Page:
Menelaos Gkartzios continues his account of his experiences during a sabbatical in Japan.
Last weekend, Prof Yukihiko Saito from Chiba University, well known to the Centre for Rural Economy from his sabbatical with us, took me to see some of Japan’s tsunami-damaged areas. The construction that goes on is extensive (still), the Japanese are building mountains (yes). Land-use planning takes on a different dimension in these coasts, the topography is reconstructed. Emotional development.
The sea looked calm; the Pacific, I thought, the greatest irony of all. The construction has also involved tsunami sea walls, on and off shore. With their 7-8 metre height by the coastline, they look aggressive – it was not a surprise hear that the communities oppose them. It is not just about blocking the horizon, they block their own understanding of what these communities ‘are’, what these communities ‘do’.
Saito sensei brought me to a residents’ market. He explained to me how he designed the basic structure, and got funding to create a structure that houses now a monthly market targeting the local community and especially the elderly who find it difficult to travel to other areas for essential shopping.
All commercial shops in the village were destroyed, there is debris on the land. ‘Be careful where you are walking’, he said. The market is an actual point of community-in-the-making as we like to think in social sciences. And it really is. I saw people sharing news, joking, hugging. We had a meeting afterwards about how the market went and how they can improve it in future. They asked for my opinion. I was formally invited back at the New Year’s Eve party, but I made them promise that they wouldn’t ask me to chop wood – again. My rural skills have their limits. We settled for sake.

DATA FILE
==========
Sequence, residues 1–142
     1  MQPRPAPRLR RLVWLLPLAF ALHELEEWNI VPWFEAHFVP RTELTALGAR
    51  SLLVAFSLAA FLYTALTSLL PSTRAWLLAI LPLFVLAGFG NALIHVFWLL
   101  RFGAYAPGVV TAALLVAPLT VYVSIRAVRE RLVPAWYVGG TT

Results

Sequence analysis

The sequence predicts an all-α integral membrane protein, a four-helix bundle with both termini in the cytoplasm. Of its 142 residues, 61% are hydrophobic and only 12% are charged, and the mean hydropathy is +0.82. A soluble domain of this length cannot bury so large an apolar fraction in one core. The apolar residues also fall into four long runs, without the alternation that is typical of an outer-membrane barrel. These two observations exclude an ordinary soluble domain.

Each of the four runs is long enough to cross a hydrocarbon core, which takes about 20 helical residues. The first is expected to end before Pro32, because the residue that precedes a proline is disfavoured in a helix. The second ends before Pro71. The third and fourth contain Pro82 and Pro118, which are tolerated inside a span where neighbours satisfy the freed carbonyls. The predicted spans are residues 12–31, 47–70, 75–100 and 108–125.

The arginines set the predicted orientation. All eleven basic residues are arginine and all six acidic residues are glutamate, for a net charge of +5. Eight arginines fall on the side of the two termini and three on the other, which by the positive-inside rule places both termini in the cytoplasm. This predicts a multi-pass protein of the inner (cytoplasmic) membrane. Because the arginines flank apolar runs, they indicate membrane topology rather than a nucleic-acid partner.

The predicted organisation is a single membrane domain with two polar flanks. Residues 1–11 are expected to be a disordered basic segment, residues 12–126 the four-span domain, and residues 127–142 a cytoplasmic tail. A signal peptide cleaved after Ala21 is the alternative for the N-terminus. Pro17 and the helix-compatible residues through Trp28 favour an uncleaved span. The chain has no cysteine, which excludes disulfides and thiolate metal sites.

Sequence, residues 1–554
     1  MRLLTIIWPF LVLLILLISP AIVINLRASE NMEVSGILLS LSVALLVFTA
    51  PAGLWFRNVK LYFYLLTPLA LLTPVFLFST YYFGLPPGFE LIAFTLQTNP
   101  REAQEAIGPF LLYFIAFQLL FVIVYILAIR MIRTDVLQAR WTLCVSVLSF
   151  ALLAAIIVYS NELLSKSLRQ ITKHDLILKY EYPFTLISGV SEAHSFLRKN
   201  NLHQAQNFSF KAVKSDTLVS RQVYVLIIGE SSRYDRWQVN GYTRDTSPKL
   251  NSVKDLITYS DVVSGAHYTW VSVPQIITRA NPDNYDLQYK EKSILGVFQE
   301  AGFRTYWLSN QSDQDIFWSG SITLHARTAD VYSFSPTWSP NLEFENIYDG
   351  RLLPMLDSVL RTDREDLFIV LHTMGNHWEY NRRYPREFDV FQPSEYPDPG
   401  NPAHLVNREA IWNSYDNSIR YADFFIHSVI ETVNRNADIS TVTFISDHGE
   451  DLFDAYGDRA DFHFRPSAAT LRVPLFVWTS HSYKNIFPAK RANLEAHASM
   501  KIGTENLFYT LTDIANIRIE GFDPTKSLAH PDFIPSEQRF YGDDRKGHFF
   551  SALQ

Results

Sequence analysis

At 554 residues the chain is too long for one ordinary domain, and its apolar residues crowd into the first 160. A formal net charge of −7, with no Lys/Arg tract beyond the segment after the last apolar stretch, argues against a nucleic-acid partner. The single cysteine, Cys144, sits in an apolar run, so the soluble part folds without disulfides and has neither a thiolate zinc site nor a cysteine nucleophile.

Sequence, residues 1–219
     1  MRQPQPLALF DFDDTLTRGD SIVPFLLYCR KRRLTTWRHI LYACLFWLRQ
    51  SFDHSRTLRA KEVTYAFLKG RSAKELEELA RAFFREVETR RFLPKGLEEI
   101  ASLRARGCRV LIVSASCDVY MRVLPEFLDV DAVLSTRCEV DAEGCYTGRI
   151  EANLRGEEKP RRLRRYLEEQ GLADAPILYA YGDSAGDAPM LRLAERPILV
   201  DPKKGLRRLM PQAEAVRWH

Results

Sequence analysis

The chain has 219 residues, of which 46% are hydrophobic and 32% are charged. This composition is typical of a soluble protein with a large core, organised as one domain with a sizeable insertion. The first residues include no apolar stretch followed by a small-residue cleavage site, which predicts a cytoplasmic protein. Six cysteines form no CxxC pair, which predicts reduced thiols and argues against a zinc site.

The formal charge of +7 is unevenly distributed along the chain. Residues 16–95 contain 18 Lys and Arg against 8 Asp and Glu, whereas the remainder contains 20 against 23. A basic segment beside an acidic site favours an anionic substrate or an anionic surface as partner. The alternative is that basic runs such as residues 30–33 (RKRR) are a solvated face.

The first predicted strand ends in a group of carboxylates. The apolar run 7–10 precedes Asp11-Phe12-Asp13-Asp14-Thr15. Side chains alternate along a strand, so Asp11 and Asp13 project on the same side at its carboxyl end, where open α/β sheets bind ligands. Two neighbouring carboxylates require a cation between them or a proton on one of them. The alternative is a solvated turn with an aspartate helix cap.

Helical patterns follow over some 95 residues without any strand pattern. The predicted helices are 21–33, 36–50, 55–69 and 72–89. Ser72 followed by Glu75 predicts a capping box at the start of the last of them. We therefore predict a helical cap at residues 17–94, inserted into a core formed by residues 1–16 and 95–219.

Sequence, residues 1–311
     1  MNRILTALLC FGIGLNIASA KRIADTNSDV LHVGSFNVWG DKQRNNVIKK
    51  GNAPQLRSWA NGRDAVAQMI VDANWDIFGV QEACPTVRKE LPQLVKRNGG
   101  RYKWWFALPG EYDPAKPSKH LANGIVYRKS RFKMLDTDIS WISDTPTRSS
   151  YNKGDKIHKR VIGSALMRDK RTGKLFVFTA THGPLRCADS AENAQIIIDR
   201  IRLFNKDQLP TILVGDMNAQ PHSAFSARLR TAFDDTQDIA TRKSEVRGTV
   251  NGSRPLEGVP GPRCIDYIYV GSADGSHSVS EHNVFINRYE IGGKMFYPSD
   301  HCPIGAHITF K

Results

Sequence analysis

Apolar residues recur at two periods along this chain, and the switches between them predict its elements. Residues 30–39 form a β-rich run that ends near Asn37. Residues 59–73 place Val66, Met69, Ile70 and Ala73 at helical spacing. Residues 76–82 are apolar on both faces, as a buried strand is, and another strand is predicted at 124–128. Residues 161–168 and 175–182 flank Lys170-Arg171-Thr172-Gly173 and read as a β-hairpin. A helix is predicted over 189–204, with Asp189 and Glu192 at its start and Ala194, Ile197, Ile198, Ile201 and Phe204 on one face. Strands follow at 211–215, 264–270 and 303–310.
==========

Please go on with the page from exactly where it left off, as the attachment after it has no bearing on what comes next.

I asked Saito sensei if this activity of his is important for his university. While this is practice that is valued at his university, there is no ‘Impact Case study’ in Japanese academia. This is not something he will write a ‘4 star’ paper about, although the residents’ market has featured in non-referred papers and in the media. What is impact? The personal investment, the local funding acquired, the design of the market structure, the time spent there (over the weekend and on public holidays) in the area, is, to me, an exemplary case of impact. Neither was this a case where he has personal attachments, he is not from this area; he explained to me how a past student introduced him to this community. I was greeted with such kindness and warmth, which I knew it was due to his actions. If there is such thing as emotional intelligence and emotional geographies, then there is also emotional impact.
In our engaged science and social science professional worlds, I cannot imagine any academic not wanting to make impact, in the different ways that they can. Nor is it unreasonable for academics to embrace their impact activities as part of their professional identity and actions. The problem I see is with the institutional requirement to measure it: the criteria and the stars. The politics of impact evaluation and the challenge to prove our academic citizenship, rather than accepting it as part of what we do. Understanding that as academics, not only are we asked about what we ‘are’, but, increasingly, about what we ‘do’.